- Poster presentation
- Open Access
PReS-FINAL-2346: Hypomorphic RAG deficiencies: phenotypic variability and usefulness of TREC/KREC as diagnostic biomarkers
Pediatric Rheumatologyvolume 11, Article number: P336 (2013)
An increasing number of patients with combined immunodeficiencies have been found to carry hypomorphic variants of genes that otherwise cause severe combined immunodeficiency (SCID). These patients not only present with recurrent and sometimes life-threatening infections, but also with immunodysregulatory symptoms such as autoimmune cytopenias and granulomas, and are a diagnostic challenge.
The objective of this study was to determine whether TRECs and KRECs are useful in identifying patients beyond infancy with combined T- and B-cell deficiencies who are otherwise difficult to diagnose due to late-onset, heterogeneous clinical phenotypes and variable numbers and functions of T and B cells.
Patients with combined immunodeficiency due to hRAG mutations (n = 6), with DOCK8 deficiency (n = 3) and with classical SCID due to RAG1, RAG2, ARTEMIS and IL2RG defects were treated at the University Hospital Ulm, Germany. Four of the patients with hRAG deficiencies presented with granulomatous lesions, one with vitiligo, three patients had autoimmune cytopenias. The earliest available samples of MNCs were analyzed (cells cryopreserved at the median age of 10 years, range 6-17 years) for patients with hRAG and DOCK-8 deficiencies.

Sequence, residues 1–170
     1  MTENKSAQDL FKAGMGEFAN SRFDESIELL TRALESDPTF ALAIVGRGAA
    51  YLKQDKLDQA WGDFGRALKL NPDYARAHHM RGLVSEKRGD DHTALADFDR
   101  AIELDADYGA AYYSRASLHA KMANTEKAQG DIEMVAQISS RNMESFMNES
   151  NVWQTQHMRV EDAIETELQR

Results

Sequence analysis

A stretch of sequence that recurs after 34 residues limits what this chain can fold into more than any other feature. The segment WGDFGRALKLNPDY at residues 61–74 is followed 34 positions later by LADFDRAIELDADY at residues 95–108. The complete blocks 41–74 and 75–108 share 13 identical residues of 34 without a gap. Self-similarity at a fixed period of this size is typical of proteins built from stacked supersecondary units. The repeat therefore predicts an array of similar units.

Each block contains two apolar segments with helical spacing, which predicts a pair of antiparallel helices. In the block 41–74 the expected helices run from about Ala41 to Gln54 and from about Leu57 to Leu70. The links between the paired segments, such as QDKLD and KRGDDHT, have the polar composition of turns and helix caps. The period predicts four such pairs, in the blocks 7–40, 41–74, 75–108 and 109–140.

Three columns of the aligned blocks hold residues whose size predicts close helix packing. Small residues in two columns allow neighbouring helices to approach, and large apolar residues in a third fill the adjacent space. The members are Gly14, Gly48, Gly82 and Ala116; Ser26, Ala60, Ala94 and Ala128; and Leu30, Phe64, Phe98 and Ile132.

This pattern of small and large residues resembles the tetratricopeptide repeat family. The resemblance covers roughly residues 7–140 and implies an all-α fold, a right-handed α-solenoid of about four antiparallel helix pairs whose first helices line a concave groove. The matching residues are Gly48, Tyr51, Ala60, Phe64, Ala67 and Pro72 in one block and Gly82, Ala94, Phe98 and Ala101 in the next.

Immunophenotyping of hRAG patients' peripheral MNCs showed reduced, but variable numbers of T and B cells. Thymic derived naïve CD3+CD45RA+ T cells were < 30% in all patients (range 1-27%). Residual T-cell function (proliferation assays) and B-cell function (antibody titres following vaccination, data not shown) were detectable, but abnormal in all hRAG patients. T-cell repertoires were diverse in 5 patients, and restricted in patients 1 and 4. Even when detectable, TREC and KREC amounts in hRAG patients were at least 32-fold reduced compared to healthy controls
Measurement of TREC and KREC levels is a fast and easily performed tool for the quantification of thymic output and B-cell maturation respectively. We envisage that these biomarkers may serve as valuable complementary parameters for the initial immunological work-up when a diagnosis of CID is being considered. Timely clinical suspicion paired with abnormal TREC and KREC levels might facilitate earlier referral of this group of patients with atypical and late presentation of CID to the pediatric immunologist and possibly to treatment by HCT.
Disclosure of interest